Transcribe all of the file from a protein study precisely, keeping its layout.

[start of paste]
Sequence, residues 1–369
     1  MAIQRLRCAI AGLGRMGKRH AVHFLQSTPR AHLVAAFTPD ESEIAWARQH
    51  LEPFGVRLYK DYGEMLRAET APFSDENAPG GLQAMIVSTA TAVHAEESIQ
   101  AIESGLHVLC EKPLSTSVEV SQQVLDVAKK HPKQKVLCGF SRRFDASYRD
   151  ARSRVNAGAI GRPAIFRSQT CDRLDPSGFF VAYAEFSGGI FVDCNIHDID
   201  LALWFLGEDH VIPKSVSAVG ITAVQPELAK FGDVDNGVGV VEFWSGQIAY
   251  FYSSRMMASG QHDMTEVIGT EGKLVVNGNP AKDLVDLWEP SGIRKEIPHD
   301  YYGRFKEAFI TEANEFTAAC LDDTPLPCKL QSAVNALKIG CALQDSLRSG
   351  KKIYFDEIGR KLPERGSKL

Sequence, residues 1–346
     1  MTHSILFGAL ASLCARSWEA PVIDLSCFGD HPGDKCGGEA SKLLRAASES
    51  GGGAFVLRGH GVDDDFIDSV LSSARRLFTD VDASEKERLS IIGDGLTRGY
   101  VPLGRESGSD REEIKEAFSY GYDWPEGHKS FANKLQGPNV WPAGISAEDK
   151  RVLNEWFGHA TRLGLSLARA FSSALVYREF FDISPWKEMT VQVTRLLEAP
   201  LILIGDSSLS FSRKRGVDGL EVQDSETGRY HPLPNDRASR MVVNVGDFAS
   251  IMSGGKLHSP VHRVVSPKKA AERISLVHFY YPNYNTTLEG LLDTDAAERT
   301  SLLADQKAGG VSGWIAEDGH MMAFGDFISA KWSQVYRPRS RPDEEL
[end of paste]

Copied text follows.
Sequence, residues 1–369
     1  MAIQRLRCAI AGLGRMGKRH AVHFLQSTPR AHLVAAFTPD ESEIAWARQH
    51  LEPFGVRLYK DYGEMLRAET APFSDENAPG GLQAMIVSTA TAVHAEESIQ
   101  AIESGLHVLC EKPLSTSVEV SQQVLDVAKK HPKQKVLCGF SRRFDASYRD
   151  ARSRVNAGAI GRPAIFRSQT CDRLDPSGFF VAYAEFSGGI FVDCNIHDID
   201  LALWFLGEDH VIPKSVSAVG ITAVQPELAK FGDVDNGVGV VEFWSGQIAY
   251  FYSSRMMASG QHDMTEVIGT EGKLVVNGNP AKDLVDLWEP SGIRKEIPHD
   301  YYGRFKEAFI TEANEFTAAC LDDTPLPCKL QSAVNALKIG CALQDSLRSG
   351  KKIYFDEIGR KLPERGSKL

Sequence, residues 1–346
     1  MTHSILFGAL ASLCARSWEA PVIDLSCFGD HPGDKCGGEA SKLLRAASES
    51  GGGAFVLRGH GVDDDFIDSV LSSARRLFTD VDASEKERLS IIGDGLTRGY
   101  VPLGRESGSD REEIKEAFSY GYDWPEGHKS FANKLQGPNV WPAGISAEDK
   151  RVLNEWFGHA TRLGLSLARA FSSALVYREF FDISPWKEMT VQVTRLLEAP
   201  LILIGDSSLS FSRKRGVDGL EVQDSETGRY HPLPNDRASR MVVNVGDFAS
   251  IMSGGKLHSP VHRVVSPKKA AERISLVHFY YPNYNTTLEG LLDTDAAERT
   301  SLLADQKAGG VSGWIAEDGH MMAFGDFISA KWSQVYRPRS RPDEEL